At a first glance, Antium, the seat of Volscis, is a place very different from Rome. Ochre and green hills, low houses, cascading down towards the sea, it has a Mediterranean feel, some greenery, cafes, muzak. Women and children mill about while Aufidius in fatigues, though heavily guarded, walks casually in the street, greeted warmly by passersby. It is a clannish sort of life, introverted and suspicious, where allegiance to the warlord is absolute, men in khakis predominate, while women and children are a background presence. Volscian politicians inhabit under-ground candlelit vaults decorated with vestiges of communist statuary and Orthodox icons. The religious underbelly of the conflict is also visible in Aufidius’ tattoo of the Virgin Mary and his conspicuously worn cross. Christian they might be, fighting the Roman Eagle, but they are no less vicious. Indeed, the very first image in the film shows Aufidius whetting a knife with a tribal pattern, an object used as a framing device to Fiennes’ narrative. Conspicuously present through all scenes involving Aufidius/Coriolanus, it finally finds its sheath in Marcius’ body. The moment is powerfully underscored by the sound track – the rasp of the knife against the whetstone is reprised as the whoosh of Coriolanus’ body against the back of a truck in the final frame.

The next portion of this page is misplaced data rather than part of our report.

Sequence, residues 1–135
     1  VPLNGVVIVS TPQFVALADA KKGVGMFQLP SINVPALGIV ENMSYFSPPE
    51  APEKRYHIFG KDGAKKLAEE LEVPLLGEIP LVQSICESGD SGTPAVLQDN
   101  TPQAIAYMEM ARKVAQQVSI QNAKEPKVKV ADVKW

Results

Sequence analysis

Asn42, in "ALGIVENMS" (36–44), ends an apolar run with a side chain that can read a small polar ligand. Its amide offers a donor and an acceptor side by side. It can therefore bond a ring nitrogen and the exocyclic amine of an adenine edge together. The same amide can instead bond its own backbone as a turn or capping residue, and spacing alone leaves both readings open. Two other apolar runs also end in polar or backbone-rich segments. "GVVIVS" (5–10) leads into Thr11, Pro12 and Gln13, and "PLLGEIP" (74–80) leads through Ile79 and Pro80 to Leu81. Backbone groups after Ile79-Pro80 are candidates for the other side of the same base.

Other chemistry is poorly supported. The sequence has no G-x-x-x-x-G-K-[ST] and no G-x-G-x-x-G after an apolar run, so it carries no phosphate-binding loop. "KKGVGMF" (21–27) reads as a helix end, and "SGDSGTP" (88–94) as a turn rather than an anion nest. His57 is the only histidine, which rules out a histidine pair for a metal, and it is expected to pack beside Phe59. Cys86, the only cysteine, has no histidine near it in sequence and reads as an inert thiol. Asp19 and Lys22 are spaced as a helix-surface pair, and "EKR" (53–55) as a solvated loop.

Both Rome and the Volscis are dangerously militaristic, with armies which obliterate the individual and turn men into machines. The high-tech Roman android-like soldiers are as horrifying as the Volscian “dragons”, a gang of inebriated goons, who, like members of a cult, undergo a shaving and tattooing ritual.
Spatial and temporal adjustment of the distance between Rome and Antium which takes Fiennes’ hero two seasons to cross, suggests a huge expanse of empire. What also catches the eye, are the desolate landscapes of scorched earth that lie between the cities – black wintry deserts of upturned soil, bare trees, heaps of filth, dotted with miserable dwellings, with grimy children and barking stray dogs. Anyone with experience of the part of the world where the film was made would immediately recognize Romany villages: thus, the visuals, probably inadvertently, revealing the life of another population, marginalised by both Romans and Volscians, subsisting on the mess left by their histories.